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Distracted driving and breakdowns among post-lockdown risks for fleets

by Eleonora Malacarne on May 6, 2020 9:00:00 AM

Distracted driving and breakdowns among post-lockdown risks for fleets
As the lockdown starts to ease in Europe, fleet managers have now to cope with possible issues that might appear after the pause.

Breakdowns are very likely to happen if vehicles are parked for extended periods of time, used just for very short trips and not taken care of. According to the AA, battery breakdowns are probably going to increase right after the isolation period, as it generally happens after Christmas, when vehicles are generally left inactive for some time.

In order not to get caught by surprise, here is a small list of items you should pay attention to during lockdown:

  • Vehicle battery. Vehicles with batteries in good conditions shouldn't have any issues if they are not used during 2 weeks, but a good routine to avoid breakdowns would be starting them once a week.
  • Brakes. If you park your vehicle for a long time with the parking brake on, brakes can seize. In order to avoid this, release the brake and drive a short distance back and forth.
  • Fuel. In order to avoid condensation, top up vehicles with fuel.
  • Tyres. Make sure tyre pressure is adequate as deflated tyres might put more pressure on the sidewall or cause damages.
  • Cleaning your vehicle. Vehicles should be washed regularly to avoid contaminants or possible damages to the paint. The inside of the vehicle should always be left without empties and ventilated regularly.
According to Fleet News, another potential issue that might appear after lockdown is distracted driving. This might happen as people in general and drivers now tend to rely on digital communication and could tempted to do so behind the wheel, or also because some of them will start to drive again after weeks of inactivity.

If you are starting your activity again, please take note of these possible issues and of the best practices we shared about Covid-19 checks for drivers: contact our team if you want to know more or make them digital via our walkaround checks app.
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Photo by Ed 259 on Unsplash
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Topics: Fleet Management, fiato doblo cargo, News, Stats & Facts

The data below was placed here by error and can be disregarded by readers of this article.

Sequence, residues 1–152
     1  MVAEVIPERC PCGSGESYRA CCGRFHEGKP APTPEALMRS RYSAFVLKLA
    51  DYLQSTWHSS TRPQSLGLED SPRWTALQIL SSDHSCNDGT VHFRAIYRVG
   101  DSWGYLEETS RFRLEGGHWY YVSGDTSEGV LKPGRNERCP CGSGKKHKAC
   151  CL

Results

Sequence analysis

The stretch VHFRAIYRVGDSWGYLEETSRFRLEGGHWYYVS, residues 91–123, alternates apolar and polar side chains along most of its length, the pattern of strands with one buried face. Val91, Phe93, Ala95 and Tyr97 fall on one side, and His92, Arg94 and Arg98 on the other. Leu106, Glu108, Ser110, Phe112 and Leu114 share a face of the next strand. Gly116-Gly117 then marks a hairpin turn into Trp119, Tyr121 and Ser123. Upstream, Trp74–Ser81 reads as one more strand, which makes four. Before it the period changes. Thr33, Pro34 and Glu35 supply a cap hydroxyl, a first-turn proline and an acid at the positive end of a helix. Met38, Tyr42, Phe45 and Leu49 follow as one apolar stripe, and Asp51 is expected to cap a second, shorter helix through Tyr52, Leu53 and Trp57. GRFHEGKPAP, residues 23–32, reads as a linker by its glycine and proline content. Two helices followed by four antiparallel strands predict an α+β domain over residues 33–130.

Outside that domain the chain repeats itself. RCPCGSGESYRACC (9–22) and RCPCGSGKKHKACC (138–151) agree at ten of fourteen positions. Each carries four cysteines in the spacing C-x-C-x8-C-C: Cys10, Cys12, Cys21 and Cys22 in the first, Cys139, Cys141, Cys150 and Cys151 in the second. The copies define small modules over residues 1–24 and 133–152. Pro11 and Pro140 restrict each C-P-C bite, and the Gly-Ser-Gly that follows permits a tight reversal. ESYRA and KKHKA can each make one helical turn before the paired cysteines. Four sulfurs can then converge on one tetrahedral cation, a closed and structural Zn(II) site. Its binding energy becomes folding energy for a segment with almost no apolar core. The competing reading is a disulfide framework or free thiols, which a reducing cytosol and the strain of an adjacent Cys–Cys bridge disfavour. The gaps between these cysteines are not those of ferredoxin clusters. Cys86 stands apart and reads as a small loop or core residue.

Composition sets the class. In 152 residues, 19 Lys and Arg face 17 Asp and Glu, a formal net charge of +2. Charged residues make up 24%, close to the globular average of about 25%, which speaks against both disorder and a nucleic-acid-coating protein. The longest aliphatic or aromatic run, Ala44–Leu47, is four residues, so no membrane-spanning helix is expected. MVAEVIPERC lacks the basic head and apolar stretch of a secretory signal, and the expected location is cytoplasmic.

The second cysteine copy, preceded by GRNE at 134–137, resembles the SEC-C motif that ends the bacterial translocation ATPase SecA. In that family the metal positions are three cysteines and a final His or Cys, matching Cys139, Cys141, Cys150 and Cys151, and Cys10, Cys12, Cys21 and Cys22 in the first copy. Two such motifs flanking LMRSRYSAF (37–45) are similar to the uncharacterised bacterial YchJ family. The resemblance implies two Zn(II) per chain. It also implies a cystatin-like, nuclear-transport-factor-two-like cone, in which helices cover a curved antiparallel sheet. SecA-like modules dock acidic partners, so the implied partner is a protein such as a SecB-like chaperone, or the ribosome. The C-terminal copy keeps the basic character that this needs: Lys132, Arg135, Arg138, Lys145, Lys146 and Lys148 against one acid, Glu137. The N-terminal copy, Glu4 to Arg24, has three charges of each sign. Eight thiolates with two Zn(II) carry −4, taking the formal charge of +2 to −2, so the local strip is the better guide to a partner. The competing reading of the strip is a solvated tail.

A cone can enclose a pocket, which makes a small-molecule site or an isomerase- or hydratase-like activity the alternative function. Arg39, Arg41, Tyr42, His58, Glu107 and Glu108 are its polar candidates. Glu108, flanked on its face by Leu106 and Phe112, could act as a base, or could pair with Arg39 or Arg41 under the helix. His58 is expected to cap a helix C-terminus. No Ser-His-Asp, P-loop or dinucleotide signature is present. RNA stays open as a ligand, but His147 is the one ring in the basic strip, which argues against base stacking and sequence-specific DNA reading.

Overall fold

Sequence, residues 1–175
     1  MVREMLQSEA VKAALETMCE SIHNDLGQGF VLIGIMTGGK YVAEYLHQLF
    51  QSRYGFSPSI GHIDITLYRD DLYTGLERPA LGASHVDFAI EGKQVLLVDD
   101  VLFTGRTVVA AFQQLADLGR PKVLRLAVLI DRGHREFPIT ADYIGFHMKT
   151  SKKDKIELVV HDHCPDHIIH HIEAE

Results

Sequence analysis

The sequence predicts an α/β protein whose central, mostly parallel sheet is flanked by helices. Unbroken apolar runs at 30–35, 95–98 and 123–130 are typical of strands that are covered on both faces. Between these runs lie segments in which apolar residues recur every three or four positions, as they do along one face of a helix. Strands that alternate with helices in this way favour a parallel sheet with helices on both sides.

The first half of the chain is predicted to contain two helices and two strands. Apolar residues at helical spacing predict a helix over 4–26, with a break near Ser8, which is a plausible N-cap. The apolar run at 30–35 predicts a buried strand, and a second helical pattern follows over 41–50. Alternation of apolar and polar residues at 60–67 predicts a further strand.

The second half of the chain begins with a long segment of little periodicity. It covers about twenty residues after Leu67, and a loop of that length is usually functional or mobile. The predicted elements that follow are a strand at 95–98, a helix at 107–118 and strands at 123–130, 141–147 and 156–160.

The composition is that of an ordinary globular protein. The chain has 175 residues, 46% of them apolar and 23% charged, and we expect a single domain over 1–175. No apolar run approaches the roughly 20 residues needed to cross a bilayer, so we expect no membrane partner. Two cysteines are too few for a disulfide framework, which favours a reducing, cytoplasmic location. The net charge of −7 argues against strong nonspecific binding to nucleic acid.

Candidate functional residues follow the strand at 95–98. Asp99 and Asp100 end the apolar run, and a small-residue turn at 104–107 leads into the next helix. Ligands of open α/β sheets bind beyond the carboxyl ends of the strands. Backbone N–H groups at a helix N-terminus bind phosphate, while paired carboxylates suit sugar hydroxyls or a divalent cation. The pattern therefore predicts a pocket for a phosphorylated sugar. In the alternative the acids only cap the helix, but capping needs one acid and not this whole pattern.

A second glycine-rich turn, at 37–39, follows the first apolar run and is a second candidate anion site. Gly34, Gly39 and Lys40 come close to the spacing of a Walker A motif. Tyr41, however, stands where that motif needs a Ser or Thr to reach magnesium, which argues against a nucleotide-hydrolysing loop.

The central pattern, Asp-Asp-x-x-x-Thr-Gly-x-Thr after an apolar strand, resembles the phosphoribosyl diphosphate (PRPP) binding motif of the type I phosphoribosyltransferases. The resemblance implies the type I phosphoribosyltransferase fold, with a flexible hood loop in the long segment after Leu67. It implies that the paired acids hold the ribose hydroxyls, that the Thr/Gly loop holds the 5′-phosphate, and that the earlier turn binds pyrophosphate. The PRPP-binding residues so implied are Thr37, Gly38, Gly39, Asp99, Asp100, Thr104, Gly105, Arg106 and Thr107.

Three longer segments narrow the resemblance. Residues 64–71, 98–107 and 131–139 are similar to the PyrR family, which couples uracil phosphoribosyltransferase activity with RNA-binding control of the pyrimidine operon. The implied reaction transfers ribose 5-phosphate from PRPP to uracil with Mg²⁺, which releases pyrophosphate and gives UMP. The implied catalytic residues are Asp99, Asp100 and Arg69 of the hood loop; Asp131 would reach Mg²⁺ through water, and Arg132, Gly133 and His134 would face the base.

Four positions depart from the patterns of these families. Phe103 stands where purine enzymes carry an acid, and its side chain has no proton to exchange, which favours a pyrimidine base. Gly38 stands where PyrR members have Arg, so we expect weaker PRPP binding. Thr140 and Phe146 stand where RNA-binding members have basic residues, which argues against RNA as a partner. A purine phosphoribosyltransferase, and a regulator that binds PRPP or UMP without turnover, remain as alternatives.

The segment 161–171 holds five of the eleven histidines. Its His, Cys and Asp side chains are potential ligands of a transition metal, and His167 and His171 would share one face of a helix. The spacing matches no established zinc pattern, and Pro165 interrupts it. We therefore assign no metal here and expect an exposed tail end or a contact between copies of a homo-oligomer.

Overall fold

The ‘white van man’: do any of your staff resemble the classic UK stereotype of the inconsiderate driver?

by Eleonora Malacarne on Jul 2, 2019 9:02:00 AM

The ‘white van man’: do any of your staff resemble the classic UK stereotype of the inconsiderate driver?

Image credits: Sven Storbeck,


With many of the fleets we are regularly dealing with comprising mainly of light commercial vehicles, sooner or later we invariably wonder if any of them fit the classic ‘white van man’ stereotype and whether fleet managers ever wonder the same thing.

The ‘white van man’ stereotype, a term coined circa 1997, claimed, due to an article in The Sunday Times published at that time, that drivers of battered LCVs were often selfish, inconsiderate and aggressive. Even Wikipedia has a dedicated page on the ‘white van man’, which conjures up an unfortunate image of a discourteous oaf who is a menace to road safety. But is this fair—and is it really the case?

A couple of recent articles have tried to dispel the myth and show us that things have changed in step with other antisocial attitudes over the years. According to an article from The Independent in 2018, the so-called ‘white van man’ stereotype, usually associated with an overweight, junk-food lover, is actually a bit dated:  your average ‘white van man’ is more likely these days to be a health conscious individual preferring salads and fruit or packing his own lunch and even keeping fit and working out at least twice a week. Another study covered by the same article actually proved that many drivers claim to be more polite, patient and understanding on the road than the old ‘white van man’ stereotype would have you believe.